It wasn't until Lorna was 15 that her mother told her that she had a little brother who was born with heart problems and who died at 10 weeks old. Lorna never told her mother that she knew. (Lorna has seven other siblings - three sisters and four brothers.)
Why does she think God chose her?
"I think the angels have always taught me to be compassionate and loving. I do love everybody. Even the killer I would love. I wouldn't give up. I'm just an ordinary person. I don't know why God choose me. I'm dyslexic. I couldn't read or write. I can read now a bit.
"I often remember as a child comments being passed by grandparents and aunts and uncles like: ''She is lucky she hasn't been locked away', because they considered me retarded."
The reason Lorna ended up in working in her father's garage at 17 is because, she adds, she "couldn't continue in school because I couldn't read or write and I was just sitting there in the class. The teachers just said to my ma and da: 'Lorna can't stay in the National School in Raheny.'"
Lorna never put much thought into what she wanted to do with her life growing up in the way most people would have "because I always knew that one day I would have to do what God asked me to do".
She laughs that if she was alive a hundred or so years ago she'd "probably be burnt at the stake!" She says that her books are about "helping people to change - to be open".
To the possibilities within us all?
"That possibility is there within each and every one of us. That hope is there."
How do people awaken it in themselves?
"All I can say to people is that the trigger-point can be anywhere."
Lorna says she has "always been awakened. I have never not seen angels. I don't know what life is like for you not seeing angels. They are real. I would have priests, nuns, rabbis, ministers, imams, all different religions, and the one question they always ask me, which I'm shocked by - even a priest asked me this - is: 'Is God real?'"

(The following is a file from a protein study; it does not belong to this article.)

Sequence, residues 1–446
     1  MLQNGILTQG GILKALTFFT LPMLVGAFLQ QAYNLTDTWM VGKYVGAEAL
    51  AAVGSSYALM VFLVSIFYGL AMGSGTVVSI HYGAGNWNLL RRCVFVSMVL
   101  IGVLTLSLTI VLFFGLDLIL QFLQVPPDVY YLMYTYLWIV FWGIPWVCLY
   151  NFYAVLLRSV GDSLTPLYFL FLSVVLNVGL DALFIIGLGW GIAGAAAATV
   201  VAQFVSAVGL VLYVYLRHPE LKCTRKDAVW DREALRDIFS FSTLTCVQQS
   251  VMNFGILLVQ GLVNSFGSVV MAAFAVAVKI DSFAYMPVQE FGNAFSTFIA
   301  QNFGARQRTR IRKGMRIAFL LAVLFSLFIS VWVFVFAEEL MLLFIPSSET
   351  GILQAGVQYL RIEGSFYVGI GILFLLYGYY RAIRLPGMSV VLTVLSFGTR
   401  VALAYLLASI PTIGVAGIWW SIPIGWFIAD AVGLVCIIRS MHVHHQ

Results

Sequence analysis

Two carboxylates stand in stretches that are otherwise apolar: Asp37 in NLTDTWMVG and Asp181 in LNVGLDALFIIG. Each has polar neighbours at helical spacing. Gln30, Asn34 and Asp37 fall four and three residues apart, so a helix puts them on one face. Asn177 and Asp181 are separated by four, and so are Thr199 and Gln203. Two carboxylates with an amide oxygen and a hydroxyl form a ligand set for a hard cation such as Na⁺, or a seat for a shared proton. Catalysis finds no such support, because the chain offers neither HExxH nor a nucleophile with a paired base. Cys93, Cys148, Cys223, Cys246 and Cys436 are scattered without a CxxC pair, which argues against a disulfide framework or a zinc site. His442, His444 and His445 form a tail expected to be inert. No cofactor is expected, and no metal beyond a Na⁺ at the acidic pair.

"I have to tell you," she says, "God is real."
Why would God give the world babies with cancer? Or Auschwitz, for example?
"God hasn't done any of that," she says, "we have. I think that's what we have to acknowledge. We can use God as a weapon. I jut feel we have to change. We have to look at the children of the world and open our hearts and have more love and compassion. It is the people who have the power, not the governments. I am going to do something that the angels keep telling me to do, which is write out the birth-right of every child of the nation of the world. Every child has the same birth rights no matter what culture or country they come from."
I ask Lorna Byrne if Joe said anything to her before he died.
"No one has ever asked me that," she answers almost shocked. "I knew his time was getting close. I did my best to give him everything he desired. Once he had a craze for pork steak. I went down to the butcher's and cooked it for him and gave it to him on the couch with the fire lighting - and him not really being able to eat it.
"He was telling us he loves us and that he knew his time was getting near. I didn't say anything to him then. Then just seeing the way it all happened with the children coming in that evening - and each one of them sitting beside him and talking to him. The next morning he told Ruth and I to go into Dublin. He gave me money to get a present for a birthday."
Lorna later found out what her dying husband did while they were gone. A neighbour told her that when Ruth and Lorna were in town they saw Joe outside pushing Megan, their youngest daughter, then a toddler, on the swing.
"I don't know where he got the energy - how he managed to get out of bed," she says. "The last few days were really hard."
Did he give Lorna permission to go on with her life and meet somebody else if she wanted to?
"He did. He would say: 'You're still young. You can meet somebody else.' I used to say: 'I'm not particularly interested in anybody else. You're there in the bed. Will you go away!' I would laugh and joke about it. But sometimes when you are attached to somebody so much ... I did meet someone a number of years afterwards but I have no one in my life in that way. I say to God: 'Well, if you are going to send someone into my life now, I literally don't know how a man would cope. I really don't! Like my own children would say: 'Mum, we need to make an appointment to see you.'"
If you would like to see Lorna speaking in person a fundraising event is taking place tonight at the National Concert Hall, Dublin at 7.30pm where she will be interviewed by fellow author Cathy Kelly. All proceeds go towards the Lorna Byrne Children's Foundation chosen charities for 2015: UNICEF Ireland, Blue Box and APA - A Partnership with Africa. Tickets are available on the door t or from www.nch.ie or (01) 4170000 from €15 - €25.